Rant 2: The US medical education process works very hard at “respect all beliefs,” often in the guise of “cultural competence,” to IMO a sometimes excessive degree. Illustrative anecdote: in medical school there was, in the preclinical years (i.e. before you were inflicted on actual patients), a required course where trained actors would play the part of patients and give feedback on your performance. This was generally good (apart from the “anonymous gay sex in bathrooms” fiasco, but that’s another story), but there were some stinkers. One stinker was the case of “Mr Lee” an elderly Chinese immigrant who refused to take medication for his diabetes. The point of the exercise was to find out what element of Mr Lee’s beliefs kept him from taking his metformin (or whatever). The big surprise (shocking!!!) was that Mr Lee “didn’t want western medicine, because he wanted to self-treat by balancing his yin and yang.” That made absolutely zero sense to me on many levels, so I had a “real world” (out of role playing) chat with the (Korean!) actor, who admitted it made no sense to him either, but “Hey, that’s what the script says.” I was sufficiently pissed off by the whole thing that I went to the course director and basically got a pile of hemming, hawing “but cultural competence” bullshit after I pointed out “First, that’s not how the whole yin/yang thing works. Second, Chinese people, especially ones from the mainland, don’t think that way, they WANT western medicine. The only people I know of who might think like the fictitious Mr Lee are probably white New-Agers (the term “hemp-wearing, patchouli soaked, trustifarian hippie idiots” may have been used). Finally*, if you want a realistic scenario involving Asian immigrants, try one where Mr Lee’s taking his meds, but only at half dose, or every other day, because there IS a common belief that “these doses are for white people who are physically bigger than we are, so we need a lesser amount.”) I got away with it because my trump card was “You’re going to teach ME about cultural competence regarding Chinese people, Dr. Liberal White Dude course director, sir? We can have this conversation in Mandarin, if you like, and if you’re up to it.” (I felt no need to explain that my actual cultural heritage is WAY the hell more Western than Chinese, but you use the advantages you have in a potential confrontation.)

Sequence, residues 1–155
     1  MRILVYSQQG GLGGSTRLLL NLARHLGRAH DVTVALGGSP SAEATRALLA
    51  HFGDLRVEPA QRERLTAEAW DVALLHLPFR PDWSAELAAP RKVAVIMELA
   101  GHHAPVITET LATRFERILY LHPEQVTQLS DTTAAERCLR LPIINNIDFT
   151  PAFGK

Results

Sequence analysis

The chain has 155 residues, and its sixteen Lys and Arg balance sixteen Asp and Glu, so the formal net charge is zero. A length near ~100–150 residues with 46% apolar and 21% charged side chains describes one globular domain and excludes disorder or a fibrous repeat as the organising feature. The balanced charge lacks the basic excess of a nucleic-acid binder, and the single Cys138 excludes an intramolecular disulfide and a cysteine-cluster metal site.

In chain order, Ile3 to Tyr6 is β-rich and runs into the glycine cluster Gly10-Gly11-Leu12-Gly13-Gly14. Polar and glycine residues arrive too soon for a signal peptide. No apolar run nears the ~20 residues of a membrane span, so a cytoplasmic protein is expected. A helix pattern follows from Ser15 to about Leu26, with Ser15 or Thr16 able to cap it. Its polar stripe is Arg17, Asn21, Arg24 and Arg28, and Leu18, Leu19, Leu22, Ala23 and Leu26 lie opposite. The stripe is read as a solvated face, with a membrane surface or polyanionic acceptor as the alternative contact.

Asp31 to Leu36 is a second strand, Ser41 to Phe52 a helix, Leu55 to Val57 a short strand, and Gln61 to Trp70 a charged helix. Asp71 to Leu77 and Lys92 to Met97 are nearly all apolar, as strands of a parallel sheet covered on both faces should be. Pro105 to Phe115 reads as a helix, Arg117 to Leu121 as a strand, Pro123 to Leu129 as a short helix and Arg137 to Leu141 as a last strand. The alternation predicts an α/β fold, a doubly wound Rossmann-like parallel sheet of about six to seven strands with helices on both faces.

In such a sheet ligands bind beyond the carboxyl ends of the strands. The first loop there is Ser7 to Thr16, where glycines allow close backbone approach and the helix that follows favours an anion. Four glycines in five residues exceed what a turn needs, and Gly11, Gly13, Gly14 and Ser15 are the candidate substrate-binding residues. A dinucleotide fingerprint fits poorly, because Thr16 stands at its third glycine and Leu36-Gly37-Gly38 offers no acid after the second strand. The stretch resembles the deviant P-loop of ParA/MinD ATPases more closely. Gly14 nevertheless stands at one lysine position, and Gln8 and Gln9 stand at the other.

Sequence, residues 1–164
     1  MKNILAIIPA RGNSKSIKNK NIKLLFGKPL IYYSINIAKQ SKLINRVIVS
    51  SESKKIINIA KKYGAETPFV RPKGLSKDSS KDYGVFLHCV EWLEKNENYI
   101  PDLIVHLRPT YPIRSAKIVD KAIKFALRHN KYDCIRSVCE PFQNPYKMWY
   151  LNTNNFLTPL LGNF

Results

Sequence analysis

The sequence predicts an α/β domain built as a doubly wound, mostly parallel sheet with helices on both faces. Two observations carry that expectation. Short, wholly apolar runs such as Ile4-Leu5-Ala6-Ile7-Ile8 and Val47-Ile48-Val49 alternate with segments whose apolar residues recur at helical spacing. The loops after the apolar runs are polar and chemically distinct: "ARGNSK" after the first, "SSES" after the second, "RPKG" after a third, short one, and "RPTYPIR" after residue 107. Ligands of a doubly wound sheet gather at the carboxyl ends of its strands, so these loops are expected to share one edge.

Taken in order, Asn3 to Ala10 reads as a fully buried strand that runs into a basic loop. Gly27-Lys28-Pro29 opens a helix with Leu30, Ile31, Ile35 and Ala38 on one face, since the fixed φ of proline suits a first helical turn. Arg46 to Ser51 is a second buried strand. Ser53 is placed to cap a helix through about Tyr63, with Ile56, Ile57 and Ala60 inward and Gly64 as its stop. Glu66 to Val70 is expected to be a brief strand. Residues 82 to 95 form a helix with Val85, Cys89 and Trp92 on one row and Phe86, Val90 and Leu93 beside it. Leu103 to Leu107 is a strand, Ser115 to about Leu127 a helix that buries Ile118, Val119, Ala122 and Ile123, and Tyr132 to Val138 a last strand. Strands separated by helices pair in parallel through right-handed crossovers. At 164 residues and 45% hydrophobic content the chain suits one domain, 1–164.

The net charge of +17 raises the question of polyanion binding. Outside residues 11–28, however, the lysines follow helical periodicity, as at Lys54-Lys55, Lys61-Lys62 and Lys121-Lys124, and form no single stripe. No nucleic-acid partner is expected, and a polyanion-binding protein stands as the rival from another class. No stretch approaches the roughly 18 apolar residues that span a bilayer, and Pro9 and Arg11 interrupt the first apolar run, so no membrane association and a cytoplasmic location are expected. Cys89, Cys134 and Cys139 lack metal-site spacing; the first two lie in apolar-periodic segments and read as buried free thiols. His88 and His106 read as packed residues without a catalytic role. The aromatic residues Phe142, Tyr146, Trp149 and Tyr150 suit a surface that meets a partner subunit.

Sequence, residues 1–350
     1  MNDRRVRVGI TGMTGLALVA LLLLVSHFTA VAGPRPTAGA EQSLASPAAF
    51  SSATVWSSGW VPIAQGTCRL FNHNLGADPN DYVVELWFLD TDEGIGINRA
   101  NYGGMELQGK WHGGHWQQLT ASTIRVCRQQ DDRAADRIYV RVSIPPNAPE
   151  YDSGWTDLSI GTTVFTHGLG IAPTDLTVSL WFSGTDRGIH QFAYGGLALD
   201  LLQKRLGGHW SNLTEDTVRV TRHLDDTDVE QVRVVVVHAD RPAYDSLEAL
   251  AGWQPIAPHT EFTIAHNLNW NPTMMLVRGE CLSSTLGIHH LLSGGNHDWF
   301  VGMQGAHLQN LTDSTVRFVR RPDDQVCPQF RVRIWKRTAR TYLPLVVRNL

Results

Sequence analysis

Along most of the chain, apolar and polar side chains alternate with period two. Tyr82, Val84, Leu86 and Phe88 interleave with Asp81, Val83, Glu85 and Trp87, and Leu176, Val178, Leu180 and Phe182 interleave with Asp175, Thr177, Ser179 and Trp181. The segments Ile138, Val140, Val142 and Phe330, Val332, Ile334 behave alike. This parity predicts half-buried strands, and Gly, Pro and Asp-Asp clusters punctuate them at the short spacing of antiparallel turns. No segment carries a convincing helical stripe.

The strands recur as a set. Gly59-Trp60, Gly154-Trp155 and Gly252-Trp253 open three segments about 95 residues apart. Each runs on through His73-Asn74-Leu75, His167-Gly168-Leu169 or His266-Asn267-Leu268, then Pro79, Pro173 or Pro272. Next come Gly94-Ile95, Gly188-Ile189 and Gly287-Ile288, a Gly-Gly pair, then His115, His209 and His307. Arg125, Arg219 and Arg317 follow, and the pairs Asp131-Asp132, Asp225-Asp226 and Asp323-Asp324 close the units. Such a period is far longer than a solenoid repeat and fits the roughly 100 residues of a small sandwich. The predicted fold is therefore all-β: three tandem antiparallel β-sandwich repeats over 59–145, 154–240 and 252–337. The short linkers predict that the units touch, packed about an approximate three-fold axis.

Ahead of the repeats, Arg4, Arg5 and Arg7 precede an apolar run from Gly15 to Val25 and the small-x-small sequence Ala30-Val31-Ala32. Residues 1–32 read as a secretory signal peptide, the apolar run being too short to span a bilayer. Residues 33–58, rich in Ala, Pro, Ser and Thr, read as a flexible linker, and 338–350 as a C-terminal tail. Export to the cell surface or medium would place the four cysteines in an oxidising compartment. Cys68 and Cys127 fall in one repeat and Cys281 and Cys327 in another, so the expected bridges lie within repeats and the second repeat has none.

*If you’re gonna bitch about something to authority, have a solution to propose as well.

  10. Docduracoat

    Funny that you should mention guns in the home and the state allowing parenting.
    The truth about guns did an article about Oklahoma removing foster children from the home because they have a regulation that guns cannot be carried on the body.
    Only locked in a safe
    It is certain that soon both California and Massachusetts will forbid even locked guns in the homes of foster parents.

  11. S

    The State over here will confiscate your children if you insist on homeschooling. They will even go so far as to try and extradite if you move overseas on this account. This is because of the Reichsschulgesetz of 1938. In Germany, parents are merely caretakers of State property. It is not clear when or if this claim to ownership lapses. Our mandatory ID cards are called Personalausweis (literally employee ID) and not Personenausweis which is what a free person’s credentials should be called. We also have mandatory registration of residence. Ven ze braun truck kamms, ve vant to bee shore yoo are zere, ja?

    Wait until the New Citizens are a majority; things are going to be just peachy. Already the Bavarian interior ministry is trying to recruit these invaders as police….even if they are not integrated in any way. How will these behave toward native Germans, or anyone else not of their tribe?